With one resounding six a few months ago, Mahendra Singh Dhoni had sealed the World Cup win for India. With two powerfully struck fours, he sealed a series win today that helped soothe a part of the Indians' wounds from their disastrous low in the England tour after the giddy high of the World Cup win.
With 7 runs required off the final over the match, Dhoni hit two consecutive boundaries to give India a 5-wicket win and an unassailable 3-0 lead in the ODI series.
The day began with Alastair Cook winning the toss and choosing to bat in what was a must-win game for England to stay alive in the series. Their performance in this match was also reflective of that and particularly in batting - it was a vastly improved show from the first two ODIs that had seen England get hammered by 126 runs and 8 wickets respectively.
England began slowly, losing Cook early on, but Kieswetter soon picked up the pace. When he fell to the innocuous bowling of Virat Kohli, it brought Pietersen and Trott together for the first of two significant partnerships for England. Pietersen was the more free-flowing partner, while Trott concentrated on holding his end up and getting the singles. The stand soon grew big with Pietersen crossing a faster than run-a-ball half-century and Trott nearing his. The stand was a 101-runs old when Ravindra Jadeja rapped Pietersen on the pads and the umpire upheld a vociferous shout to send him on his way for 64 off 61 balls. That left England 154/3 in 29.1 overs. They were well placed to get to a total of 280-plus, but the man who eventually got them there was Samit Patel. He and Jonathan Trott also shared a century stand, but a much more quickfire one. The 103 they put on came off just 71 balls, with the cornerstone of the stand being Samit Patel's maiden ODI fifty. He ended up with 70 not out off just 43 balls, while Trott was slightly unlucky to end with 98 not out from 116 balls - missing a hundred by a narrow margin. It gave England a sizeable 298/4 on board, and their best chance of victory in the series so far.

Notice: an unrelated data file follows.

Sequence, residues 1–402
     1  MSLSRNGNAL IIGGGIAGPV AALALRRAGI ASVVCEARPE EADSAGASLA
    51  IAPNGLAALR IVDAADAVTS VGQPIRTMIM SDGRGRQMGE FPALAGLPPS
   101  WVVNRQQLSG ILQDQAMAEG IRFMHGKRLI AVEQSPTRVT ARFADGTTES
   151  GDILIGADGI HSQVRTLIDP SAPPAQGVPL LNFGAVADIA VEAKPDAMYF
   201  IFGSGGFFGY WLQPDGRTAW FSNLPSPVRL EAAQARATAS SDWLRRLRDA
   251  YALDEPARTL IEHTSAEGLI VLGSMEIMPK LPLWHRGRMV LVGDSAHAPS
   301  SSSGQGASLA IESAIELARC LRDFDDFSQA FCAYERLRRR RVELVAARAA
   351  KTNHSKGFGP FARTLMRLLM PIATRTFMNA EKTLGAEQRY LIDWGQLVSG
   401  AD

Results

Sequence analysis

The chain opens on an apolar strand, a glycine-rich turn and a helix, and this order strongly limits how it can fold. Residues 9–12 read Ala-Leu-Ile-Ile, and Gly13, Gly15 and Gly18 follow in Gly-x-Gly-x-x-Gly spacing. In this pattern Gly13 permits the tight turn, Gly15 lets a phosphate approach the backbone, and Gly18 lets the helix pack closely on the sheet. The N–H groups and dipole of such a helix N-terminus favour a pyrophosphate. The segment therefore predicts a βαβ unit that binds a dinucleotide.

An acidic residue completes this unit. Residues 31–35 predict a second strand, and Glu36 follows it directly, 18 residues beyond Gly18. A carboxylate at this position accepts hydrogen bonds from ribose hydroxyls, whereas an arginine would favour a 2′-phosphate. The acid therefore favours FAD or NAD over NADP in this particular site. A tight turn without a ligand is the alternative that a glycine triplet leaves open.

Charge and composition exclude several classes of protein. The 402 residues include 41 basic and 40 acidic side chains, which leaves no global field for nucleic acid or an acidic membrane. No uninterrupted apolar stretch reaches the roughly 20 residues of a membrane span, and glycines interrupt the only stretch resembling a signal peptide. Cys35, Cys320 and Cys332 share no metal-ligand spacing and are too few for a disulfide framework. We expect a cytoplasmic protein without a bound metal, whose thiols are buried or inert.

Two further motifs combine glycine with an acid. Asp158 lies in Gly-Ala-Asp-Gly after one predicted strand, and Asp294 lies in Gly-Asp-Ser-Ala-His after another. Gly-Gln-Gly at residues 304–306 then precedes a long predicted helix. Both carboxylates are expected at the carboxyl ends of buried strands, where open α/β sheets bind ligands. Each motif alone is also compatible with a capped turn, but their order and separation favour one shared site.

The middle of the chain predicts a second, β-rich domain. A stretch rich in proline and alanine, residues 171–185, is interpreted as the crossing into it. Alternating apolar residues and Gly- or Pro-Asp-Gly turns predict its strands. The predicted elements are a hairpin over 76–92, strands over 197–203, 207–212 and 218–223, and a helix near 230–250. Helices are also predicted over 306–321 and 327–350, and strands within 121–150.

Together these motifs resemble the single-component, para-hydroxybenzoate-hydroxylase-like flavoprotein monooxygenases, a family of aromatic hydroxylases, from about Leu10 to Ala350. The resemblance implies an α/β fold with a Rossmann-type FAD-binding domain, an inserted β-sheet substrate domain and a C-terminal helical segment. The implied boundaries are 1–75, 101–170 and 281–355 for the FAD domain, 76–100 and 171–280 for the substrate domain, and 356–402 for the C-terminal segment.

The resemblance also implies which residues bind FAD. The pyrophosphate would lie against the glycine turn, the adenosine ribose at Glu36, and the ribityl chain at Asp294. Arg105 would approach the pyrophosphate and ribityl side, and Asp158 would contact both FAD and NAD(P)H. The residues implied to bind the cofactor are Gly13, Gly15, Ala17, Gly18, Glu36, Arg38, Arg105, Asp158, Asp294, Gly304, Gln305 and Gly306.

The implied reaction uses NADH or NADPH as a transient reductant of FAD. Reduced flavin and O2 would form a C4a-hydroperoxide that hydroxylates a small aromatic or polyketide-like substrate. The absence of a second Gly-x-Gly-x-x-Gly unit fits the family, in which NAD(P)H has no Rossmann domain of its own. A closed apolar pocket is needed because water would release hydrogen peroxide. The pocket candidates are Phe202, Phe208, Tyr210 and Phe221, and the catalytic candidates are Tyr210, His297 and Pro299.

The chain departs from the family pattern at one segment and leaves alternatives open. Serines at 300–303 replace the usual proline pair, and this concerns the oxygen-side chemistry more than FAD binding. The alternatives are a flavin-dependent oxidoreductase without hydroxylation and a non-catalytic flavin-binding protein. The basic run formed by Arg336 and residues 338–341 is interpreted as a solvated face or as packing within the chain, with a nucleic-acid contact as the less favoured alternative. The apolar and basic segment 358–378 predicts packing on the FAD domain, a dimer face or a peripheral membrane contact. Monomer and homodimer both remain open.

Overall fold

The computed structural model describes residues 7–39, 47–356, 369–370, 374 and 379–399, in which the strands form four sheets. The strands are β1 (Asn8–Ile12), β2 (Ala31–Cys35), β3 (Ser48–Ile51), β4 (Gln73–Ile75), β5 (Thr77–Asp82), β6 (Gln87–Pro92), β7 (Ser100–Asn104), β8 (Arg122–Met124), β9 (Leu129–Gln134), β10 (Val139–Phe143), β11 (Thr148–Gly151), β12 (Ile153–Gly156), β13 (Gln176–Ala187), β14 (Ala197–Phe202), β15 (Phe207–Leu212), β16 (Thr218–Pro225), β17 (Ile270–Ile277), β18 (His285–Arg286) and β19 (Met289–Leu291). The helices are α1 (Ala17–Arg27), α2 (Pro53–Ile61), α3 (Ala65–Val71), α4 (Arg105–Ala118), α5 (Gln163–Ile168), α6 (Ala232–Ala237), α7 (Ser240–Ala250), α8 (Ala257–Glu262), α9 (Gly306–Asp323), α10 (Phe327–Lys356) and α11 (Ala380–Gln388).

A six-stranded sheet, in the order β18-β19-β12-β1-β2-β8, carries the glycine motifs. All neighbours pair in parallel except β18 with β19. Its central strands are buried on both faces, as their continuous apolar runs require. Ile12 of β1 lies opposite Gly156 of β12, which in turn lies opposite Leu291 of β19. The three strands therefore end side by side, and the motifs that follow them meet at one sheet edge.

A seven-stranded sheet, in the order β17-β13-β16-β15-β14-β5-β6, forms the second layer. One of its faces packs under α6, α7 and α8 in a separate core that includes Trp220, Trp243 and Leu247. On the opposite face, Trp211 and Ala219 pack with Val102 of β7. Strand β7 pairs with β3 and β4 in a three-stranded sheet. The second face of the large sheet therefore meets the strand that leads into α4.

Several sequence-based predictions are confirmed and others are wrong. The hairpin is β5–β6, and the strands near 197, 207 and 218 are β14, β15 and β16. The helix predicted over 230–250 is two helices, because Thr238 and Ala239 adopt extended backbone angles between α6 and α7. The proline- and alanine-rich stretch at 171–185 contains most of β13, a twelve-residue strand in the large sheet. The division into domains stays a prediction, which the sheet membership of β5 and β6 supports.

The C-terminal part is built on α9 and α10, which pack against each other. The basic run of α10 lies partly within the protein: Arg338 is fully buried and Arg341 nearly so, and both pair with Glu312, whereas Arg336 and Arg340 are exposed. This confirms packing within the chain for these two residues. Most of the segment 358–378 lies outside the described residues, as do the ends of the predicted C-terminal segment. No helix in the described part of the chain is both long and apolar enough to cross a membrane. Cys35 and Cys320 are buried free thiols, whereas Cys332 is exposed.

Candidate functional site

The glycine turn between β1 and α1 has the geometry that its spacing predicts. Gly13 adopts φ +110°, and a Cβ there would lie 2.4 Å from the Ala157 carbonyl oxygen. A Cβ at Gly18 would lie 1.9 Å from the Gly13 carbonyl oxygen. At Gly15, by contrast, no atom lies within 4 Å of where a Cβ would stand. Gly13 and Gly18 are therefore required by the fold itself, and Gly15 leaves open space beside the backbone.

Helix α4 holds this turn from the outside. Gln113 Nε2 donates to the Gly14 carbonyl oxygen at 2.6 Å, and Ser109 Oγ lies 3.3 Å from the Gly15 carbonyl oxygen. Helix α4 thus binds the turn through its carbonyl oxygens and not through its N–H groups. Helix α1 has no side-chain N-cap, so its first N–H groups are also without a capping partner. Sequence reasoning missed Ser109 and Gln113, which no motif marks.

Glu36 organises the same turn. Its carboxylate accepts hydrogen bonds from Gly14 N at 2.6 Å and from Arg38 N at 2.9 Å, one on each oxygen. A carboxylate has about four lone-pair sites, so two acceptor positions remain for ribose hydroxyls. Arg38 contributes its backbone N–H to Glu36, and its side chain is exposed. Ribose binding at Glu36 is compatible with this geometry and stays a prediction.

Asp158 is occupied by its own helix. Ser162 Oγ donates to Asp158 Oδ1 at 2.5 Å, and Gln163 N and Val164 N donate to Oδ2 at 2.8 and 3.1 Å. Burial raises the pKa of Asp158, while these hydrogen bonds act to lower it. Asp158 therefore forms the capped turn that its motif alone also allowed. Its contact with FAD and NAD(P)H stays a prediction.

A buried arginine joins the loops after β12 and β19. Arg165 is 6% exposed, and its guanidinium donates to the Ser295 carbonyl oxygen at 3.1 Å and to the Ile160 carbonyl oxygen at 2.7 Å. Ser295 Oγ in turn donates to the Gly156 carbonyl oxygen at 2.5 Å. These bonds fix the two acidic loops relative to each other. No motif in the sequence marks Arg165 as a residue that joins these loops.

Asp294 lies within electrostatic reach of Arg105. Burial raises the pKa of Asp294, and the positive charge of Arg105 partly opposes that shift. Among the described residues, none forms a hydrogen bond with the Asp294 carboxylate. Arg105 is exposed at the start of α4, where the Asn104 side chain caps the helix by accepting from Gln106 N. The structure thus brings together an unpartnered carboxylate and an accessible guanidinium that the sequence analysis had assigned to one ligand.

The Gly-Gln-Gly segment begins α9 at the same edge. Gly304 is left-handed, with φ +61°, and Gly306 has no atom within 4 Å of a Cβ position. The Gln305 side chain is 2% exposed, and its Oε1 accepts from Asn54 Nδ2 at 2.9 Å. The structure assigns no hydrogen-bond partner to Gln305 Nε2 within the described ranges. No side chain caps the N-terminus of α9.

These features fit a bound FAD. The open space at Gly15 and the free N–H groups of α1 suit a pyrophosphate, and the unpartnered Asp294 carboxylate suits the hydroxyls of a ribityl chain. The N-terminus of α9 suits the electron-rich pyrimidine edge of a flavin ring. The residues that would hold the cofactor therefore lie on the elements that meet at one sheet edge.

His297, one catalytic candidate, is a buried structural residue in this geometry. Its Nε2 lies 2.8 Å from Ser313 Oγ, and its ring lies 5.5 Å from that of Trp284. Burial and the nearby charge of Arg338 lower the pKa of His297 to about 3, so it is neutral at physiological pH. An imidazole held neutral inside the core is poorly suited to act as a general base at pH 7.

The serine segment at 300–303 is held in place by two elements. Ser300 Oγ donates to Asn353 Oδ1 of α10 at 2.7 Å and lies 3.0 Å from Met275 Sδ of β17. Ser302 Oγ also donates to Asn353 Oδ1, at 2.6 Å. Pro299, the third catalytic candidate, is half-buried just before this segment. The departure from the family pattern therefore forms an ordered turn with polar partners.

However, from the start, India's reply ensured that England didn't get full control of the match at any point. Parthiv Patel and Ajinkya Rahane both came good after some recent disappointments to give India a good launch-pad. Parthiv fell to Bresnan for 38, but there followed India's best period with the bat with Gautam Gambhir joining Rahane in the middle. Both men got to their half-centuries, and both didn't take too long to get there.
India looked in complete control of the chase when these two were building their stand, and unless a dramatic shift happened, India looked set to romp home.
However, drama is exactly what happened. It started with Gautam Gambhir's dismissal, with Pietersen taking a smart catch off Steve Finn to send him back for 58 off 60. The second wicket stand had been worth 111 runs and had come off just 106 balls. Gambhir's wicket, however, heralded a mini-collapse of sorts, with Rahane also departing soon after and Raina going without troubling the scorers. Rahane had made a very impressive return to form with 91 off 104 and the young man was disappointed at not getting to a maiden ton, but the fact that he was able to shrug off earlier failures and be the guiding force for a large part of a stiff chase, means he will have an opportunity to score a ton before long.
From 190/1 in 33.1 overs, India had slid to 217/4 in 38.4 overs - a sequence of 27/3 in 5.3 overs. When Virat Kohli fell lbw to Swann to make it 235/5, India had their last recognized pair of Dhoni and Ravindra Jadeja at the crease, and the equation was 64 runs to win from 50 balls.
Both men didn't let the the required run-rate overwhelm them, and kept picking off singles and twos, even as the odd boundary ball presented itself and was taken full toll of. With 30 required off the final 3 overs, Steve Finn was called back into the attack and he went for 13 runs with each of Dhoni and Jadeja striking fours. Dernbach bowled the next over, which also went for 10 runs after which Dhoni whacked the two boundaries that sealed the series for India. Dhoni ended up with 35 off 31 while Jadeja had 26 off 24.
It had been England's best show in the series so far, with the bowlers too making the Indians work a lot harder for runs than they had in the first two ODIs. However, England's fielding was atrocious and several notches below that of the Indians - who continued the good fielding of the series, apart from a few stray blemishes. England might have had a win to their name and kept their chances alive if they had fielded better, especially given the close nature of the match, and that is something they'd like to ponder on if they are to avoid a white-wash in the series.